The Commander of the VIII Corps instructed General de Lisle to use the two remaining battalions of the 88th Bde. for a fresh attack on "Y" Ravine in conjunction with an attack by the 4th Division. The Divnl. artillery was accordingly ordered to recommence the bombardment at 11.0 o'clock and to lift at 12.30 p.m. At 12 noon the fire of the heavy artillery was brought back to the enemy's front line at BEAUMONT HAMEL, with orders to lift at 12.25. At 12.10 p.m. the 88th Bde. requested that the hour of attack might be deferred until 12.45, as the 4th Worcesters had not reached the front line owing to the congested state of the trenches. At 1.15 p.m. it was reported that the 4th Worcesters had not attacked and the artillery barrage was accordingly replaced on the enemy's front line. At 1.50 p.m. instructions were issued for the line to be consolidated and the trenches cleared, as all hope of further advance that day was futile. The 2nd Royal Fusiliers had meantime been driven back from the mine crater by trench mortar fire, and the 1st Lancashire Fusiliers, who made another effort to advance at noon, had been compelled to abandon the attempt.
          The positions now adopted were as follows:-
Right sector, 88th Bde., with in the front line, 1st Essex on the right and the 4th Worcesters on the left, and in support 1st Newfoundland Regiment and the 2nd Hampshires. Left sector, 86th Bde, from right to left, 1st Dublin Fusiliers, 2nd Royal Fusiliers, 16th Middlesex and the 1st Lancashire Fusiliers. The 87th Bde. were in the reserve trenches behind the 88th Bde. in the following order, from right to left :- 2nd S.W.B., 1st K.O.S.B., 1st R. Inniskilling Fusiliers, and 1st Border Regiment. That evening an artillery barrage was placed on the enemy's front line from 10.30 to 11.30 p.m. to facilitate the collecting of material and wounded, and during this period the 4 Stokes mortars which had been left at the crater were recovered.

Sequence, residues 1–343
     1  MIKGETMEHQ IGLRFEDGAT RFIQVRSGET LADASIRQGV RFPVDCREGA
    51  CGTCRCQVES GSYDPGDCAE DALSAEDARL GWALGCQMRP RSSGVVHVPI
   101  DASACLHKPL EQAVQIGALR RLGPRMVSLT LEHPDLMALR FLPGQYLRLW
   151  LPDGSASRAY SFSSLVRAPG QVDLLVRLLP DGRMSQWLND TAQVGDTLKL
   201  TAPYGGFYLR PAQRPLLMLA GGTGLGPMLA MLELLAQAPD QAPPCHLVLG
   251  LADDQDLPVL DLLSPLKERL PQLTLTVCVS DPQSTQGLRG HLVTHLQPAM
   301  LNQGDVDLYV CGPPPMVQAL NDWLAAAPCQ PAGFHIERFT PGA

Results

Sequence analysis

4.     REASONS FOR FAILURE.
                   The causes of failure, in the view of the Divisional Commander, were :-
1.
The enemy was prepared and had reinforced his line.
2.
The enemy had brought up many additional machineguns, which were kept in dug-outs proof against heavy artillery and brought up to repel our inf[antr]y attack. The whole of the BEAUMONT HAMEL area is honeycombed with large caves, some of them capable of accommodating two bns.
3.
Under these conditions the extent of "NO MAN's LAND" to be covered by our assaulting troops was too great.
4.
The explosion of the mine warned the enemy of the time of the assault.
5.       DISCIPLINE AND MORAL.
                    The behaviour of the troops under trying circumstances was perfect. In spite of two attacks having
....failed

1st July, 1916.

 

(stamp over)
GENERAL STAFF,
HEADQUARTERS,
4th ARMY.
No.................
Date..............

failed, the two bns. of the 88th Bde. detailed for the third attack behaved with exemplary bravery. The Newfoundland battalion, for example, attacked 750 strong. 40 odd unwounded returned in the course of the day and the remaining 710 were casualties.
6.          CASUALTIES.
                     In the day's action the Division lost 209 officers and 5,058 other ranks.